Javakhk Armenians Call for Statehood


AKHALKALAK, Samtskhe-Javakheti (A-Info)–During an expanded session of the Council of Armenian Organization of Javakhk Tuesday, a resolution was drafted calling for the establishment of a Javakhk state within a federated Georgia. This resolution will be presented at a conference scheduled for April 16.

Invited to participate in the conference are representatives of all Armenian organizations in the Samtskhe-Javakhk region and the neighboring Kvemo-Kartili region, as well as federal and local Georgian authorities, foreign embassy staff, members of parliament, representatives of Georgian and foreign organizations that deal with human rights and minority issues and representatives of the president’s office.

Organizers underscored that the conference aimed to strengthen the position of Armenian members of the Georgian parliament representing the Javakhk region, who have not been successful in presenting or addressing the concerns of the Javakhk constituency within the legislature.

The draft resolution call for the formation of a federated Georgia, under article 3 of the country’s constitution, through which Samtskhe-Javakhk and the neighboring Kvemo-Kartili will become a state within the federation, and will be granted rights to self-government, education, representation in the federal government structure and other stipulations guaranteed by the constitution.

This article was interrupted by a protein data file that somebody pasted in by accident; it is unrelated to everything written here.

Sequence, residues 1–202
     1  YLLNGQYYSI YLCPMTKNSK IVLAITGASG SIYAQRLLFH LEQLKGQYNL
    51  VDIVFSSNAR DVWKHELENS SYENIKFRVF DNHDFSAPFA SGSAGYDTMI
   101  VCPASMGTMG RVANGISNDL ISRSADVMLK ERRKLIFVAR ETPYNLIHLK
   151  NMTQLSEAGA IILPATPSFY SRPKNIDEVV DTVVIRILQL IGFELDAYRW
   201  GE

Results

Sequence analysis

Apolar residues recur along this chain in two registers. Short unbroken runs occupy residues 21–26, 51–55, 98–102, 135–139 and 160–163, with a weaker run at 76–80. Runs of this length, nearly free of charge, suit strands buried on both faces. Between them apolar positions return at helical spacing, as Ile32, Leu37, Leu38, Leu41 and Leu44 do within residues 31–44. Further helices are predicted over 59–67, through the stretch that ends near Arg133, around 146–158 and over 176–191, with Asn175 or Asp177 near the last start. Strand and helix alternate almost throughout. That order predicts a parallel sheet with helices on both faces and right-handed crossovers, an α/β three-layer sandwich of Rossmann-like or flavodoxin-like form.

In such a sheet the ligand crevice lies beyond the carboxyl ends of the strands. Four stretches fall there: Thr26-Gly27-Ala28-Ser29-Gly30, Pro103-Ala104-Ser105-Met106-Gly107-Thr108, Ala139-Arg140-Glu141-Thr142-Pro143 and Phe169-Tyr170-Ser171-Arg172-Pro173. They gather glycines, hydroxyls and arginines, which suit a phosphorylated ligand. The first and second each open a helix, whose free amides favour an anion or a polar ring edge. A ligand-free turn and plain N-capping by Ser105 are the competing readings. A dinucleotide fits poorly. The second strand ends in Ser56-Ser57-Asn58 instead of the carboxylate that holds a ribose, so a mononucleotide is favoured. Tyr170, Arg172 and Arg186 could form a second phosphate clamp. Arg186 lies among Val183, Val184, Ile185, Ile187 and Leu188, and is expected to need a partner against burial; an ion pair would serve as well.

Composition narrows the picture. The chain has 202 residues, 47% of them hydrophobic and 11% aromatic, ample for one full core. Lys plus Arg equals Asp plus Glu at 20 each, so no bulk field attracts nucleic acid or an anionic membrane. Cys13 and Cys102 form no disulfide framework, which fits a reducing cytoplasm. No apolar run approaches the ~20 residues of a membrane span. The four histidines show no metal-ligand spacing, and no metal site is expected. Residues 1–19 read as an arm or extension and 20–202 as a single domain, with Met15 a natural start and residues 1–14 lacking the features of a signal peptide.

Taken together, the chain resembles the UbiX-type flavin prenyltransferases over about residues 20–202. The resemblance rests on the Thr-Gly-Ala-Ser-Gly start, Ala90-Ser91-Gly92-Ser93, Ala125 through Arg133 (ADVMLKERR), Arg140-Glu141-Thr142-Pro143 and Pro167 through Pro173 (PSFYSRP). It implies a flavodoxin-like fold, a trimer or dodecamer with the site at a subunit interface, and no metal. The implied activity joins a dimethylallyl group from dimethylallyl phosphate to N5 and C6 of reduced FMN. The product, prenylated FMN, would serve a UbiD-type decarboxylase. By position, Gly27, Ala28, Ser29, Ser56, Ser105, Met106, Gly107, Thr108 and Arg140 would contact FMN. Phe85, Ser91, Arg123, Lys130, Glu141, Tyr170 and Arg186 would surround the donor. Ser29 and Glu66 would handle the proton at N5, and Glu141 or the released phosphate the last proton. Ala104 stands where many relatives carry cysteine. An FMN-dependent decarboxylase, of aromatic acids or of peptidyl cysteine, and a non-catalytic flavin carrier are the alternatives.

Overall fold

The meeting concluded with a decision that prior to the April 16 conference, representatives of the Armenian organizations would engage in grass-roots efforts to rally the Armenian community behind this resolution.

On the Eve of Protests

The news came a day before tens of thousands of supporters of Georgia’s 17 opposition parties took to the streets of the Georgian capital, Tbilisi, calling for the resignation of President Mikhail Saakashvili.

Reports indicate that many members of the government were expected join the cause.

The war in August, when Russia crushed a Georgian assault on South Ossetia and sent tanks to within 40 km (25 miles) of Tbilisi, has emboldened critics who argue the president has made too many mistakes to stay in power until 2013, Reuters said.

The planned protests were scheduled to coincide with the 20th anniversary of the Soviet crackdown on independence demonstrators in Tbilisi. The opposition movement claimed that some 100,000 people took to the streets.

There is concern that protests are also planned in the Georgian secessionist region of Adjara, which rose up against and rejected Saakashvili’s government in 2004 after the Rose Revolution. Saakashvili supressed the region but analysts say the Adjarian’s still hold a grudge and are looking for the perfect time to rise up again. Adjara is home to the large port of Batumi and many of Georgia’s transport routes to Turkey run through it.

Georgia already officially lost its two northern secessionist regions of Abkhazia and South Ossetia to Russia during the August 2008 war and is highly concerned with its southern region of Samtskhe-Javakheti.

Russian troops had been reported entering Abkhazia’s Gali region since April 7.


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